A day after the president’s announcement, Secretary of State Antony Blinken visited Afghanistan, telling Afghan President Ashraf Ghani that he meant to “demonstrate with my visit the ongoing commitment of the United States to the Islamic Republic and the people of Afghanistan.” The Associated Press describes the visit as intended “to sell Afghan leaders and a wary public on President Joe Biden’s decision to withdraw all American troops from the country.”

The 20-year-old war in Afghanistan is America’s longest. Since the United States invaded Afghanistan in October 2001, more than 2,300 U.S. troops have died. Last year, the Trump administration made a deal with the Taliban to withdraw troops by May 1. While Biden’s withdrawal plan won’t meet the May 1 deadline, it is still a welcome decision for many military families. Others have mixed feelings.

“Nobody wants peace on Earth more than somebody who has buried a soldier,” said Jennie Taylor, whose husband was killed in combat, to a local news site. While she’s happy for the families of troops coming home, she says, “We’ve taken out some really high-ranking leadership in these terrorist groups and guess what? They keep going.” —MFS

Johnson & Johnson vaccine paused in the U.S. over blood clot concerns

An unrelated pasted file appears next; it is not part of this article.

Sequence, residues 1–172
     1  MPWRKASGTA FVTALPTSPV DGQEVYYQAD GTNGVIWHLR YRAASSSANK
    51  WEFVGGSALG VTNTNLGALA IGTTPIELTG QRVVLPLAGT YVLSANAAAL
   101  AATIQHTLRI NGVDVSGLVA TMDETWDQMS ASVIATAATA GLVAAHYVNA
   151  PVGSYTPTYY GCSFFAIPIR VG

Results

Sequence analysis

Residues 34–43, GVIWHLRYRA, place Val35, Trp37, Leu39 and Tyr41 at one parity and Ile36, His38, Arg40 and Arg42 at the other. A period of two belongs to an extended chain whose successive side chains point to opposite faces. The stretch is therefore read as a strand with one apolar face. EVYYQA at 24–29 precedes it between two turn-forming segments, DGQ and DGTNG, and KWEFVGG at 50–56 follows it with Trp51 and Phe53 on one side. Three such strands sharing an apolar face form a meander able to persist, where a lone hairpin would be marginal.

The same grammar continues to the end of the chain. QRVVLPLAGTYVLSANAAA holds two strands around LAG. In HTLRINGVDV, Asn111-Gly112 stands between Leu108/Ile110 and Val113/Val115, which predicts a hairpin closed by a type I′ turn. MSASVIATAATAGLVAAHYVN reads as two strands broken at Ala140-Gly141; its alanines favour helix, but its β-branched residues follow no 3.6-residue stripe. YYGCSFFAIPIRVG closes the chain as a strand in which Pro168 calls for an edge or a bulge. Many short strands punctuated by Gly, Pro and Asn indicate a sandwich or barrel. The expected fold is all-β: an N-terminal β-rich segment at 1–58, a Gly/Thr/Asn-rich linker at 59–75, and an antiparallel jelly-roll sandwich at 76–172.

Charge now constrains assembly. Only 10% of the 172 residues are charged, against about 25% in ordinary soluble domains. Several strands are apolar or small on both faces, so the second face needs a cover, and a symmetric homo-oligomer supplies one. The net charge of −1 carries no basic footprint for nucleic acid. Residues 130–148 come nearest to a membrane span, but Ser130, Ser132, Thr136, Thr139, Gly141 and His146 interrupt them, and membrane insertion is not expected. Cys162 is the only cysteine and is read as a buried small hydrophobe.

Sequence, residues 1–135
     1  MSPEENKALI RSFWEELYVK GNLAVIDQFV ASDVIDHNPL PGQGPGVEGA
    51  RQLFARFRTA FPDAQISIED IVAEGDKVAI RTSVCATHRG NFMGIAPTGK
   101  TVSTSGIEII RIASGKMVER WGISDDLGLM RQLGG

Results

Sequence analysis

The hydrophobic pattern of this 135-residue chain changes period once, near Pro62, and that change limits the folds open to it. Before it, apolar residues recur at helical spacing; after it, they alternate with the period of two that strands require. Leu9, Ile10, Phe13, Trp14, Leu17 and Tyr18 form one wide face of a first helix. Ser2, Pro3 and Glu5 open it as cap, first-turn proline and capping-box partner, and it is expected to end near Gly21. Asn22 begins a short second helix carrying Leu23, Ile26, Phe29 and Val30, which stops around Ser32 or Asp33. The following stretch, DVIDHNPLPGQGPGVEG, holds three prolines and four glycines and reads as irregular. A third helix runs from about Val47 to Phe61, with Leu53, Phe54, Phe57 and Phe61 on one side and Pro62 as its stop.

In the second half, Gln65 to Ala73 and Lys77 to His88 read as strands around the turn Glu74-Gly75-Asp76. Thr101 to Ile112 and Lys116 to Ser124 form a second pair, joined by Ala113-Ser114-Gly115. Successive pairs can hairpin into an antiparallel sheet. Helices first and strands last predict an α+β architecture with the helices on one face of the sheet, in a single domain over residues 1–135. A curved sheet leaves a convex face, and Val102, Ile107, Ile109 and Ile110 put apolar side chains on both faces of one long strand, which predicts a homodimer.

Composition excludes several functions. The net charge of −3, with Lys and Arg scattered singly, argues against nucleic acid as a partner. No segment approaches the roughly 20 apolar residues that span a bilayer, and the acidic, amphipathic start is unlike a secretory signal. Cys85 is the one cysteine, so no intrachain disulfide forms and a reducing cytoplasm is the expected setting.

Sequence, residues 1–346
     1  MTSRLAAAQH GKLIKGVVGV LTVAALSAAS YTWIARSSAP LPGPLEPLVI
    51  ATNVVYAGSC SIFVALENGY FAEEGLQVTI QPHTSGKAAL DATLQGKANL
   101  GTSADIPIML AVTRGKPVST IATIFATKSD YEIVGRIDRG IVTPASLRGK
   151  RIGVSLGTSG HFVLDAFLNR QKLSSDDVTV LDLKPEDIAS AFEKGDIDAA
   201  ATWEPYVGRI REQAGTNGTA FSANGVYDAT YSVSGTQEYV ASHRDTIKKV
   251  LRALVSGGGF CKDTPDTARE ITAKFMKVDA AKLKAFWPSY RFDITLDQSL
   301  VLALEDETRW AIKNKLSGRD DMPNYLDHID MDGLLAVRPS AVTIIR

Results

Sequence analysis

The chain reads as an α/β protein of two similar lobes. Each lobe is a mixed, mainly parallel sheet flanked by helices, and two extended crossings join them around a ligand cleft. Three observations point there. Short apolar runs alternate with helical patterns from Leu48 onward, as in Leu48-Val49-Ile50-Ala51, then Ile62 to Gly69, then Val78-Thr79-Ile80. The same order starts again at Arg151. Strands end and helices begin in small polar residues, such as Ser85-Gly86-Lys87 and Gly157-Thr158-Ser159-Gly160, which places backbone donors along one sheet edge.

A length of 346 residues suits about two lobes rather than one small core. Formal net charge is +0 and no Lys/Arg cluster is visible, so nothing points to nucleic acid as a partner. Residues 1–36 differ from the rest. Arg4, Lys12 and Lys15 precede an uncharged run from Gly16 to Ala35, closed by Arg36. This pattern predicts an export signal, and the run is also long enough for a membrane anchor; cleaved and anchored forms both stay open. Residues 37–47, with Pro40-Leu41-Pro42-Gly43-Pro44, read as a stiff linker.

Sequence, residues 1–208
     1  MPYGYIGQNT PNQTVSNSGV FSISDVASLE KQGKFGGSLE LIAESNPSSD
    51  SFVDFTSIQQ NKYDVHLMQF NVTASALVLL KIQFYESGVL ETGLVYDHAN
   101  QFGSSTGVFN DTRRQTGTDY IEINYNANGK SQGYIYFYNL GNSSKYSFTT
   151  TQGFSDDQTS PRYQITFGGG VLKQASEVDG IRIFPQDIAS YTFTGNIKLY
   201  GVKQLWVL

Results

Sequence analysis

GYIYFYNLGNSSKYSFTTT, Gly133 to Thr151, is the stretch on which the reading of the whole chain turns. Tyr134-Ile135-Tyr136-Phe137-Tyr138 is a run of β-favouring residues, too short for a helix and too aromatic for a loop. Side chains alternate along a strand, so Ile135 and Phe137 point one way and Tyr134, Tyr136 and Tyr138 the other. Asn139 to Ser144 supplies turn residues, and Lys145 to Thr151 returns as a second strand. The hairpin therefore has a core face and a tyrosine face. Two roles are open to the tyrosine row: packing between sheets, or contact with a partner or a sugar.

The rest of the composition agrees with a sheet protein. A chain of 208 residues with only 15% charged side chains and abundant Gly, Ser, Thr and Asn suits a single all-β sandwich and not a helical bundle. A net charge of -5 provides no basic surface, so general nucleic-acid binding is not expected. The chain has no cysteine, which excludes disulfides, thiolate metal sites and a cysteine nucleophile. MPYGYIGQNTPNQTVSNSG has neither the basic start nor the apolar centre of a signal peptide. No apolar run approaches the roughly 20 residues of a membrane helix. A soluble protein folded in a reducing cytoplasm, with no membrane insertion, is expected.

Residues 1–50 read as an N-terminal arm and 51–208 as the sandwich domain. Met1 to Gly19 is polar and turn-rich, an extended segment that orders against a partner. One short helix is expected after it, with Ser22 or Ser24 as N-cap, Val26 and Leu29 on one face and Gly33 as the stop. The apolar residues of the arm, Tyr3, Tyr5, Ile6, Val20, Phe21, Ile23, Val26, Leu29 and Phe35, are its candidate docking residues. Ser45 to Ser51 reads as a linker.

This week, American health authorities asked providers to pause administration of the Johnson & Johnson COVID-19 vaccine as worries surfaced about potentially connected blood clot cases.

The six reported patients who developed blood clots were all women. One woman died, and another is in critical condition. More than 6.8 million doses of the vaccine have already been administered.

The incidents with the Johnson & Johnson shot follow a similar pause that recently occurred in the European Union over the AstraZeneca vaccine. That vaccine, like Johnson & Johnson’s, uses deactivated adenovirus to help whip up an immune response inside the body. After investigating, EU authorities said blood clots were an “extremely rare” side effect of the AstraZeneca jab.

In the United States, widespread use of hormonal birth control already puts millions of women at higher risk of blood clots. The clots arising from the vaccine are of a different type, however, and can’t be safely treated with anticoagulants.

Vaccinations from Moderna and Pfizer have so far dominated the U.S. market. Their shots use a different, innovative technology called mRNA that teaches the body’s cells to make antibodies. Johnson and Johnson’s shot, which has been plagued by quality control issues, is unique because it provides protection in just one dose. It’s also more convenient to store than Moderna and Pfizer’s versions, which require extremely cold refrigeration. —Mb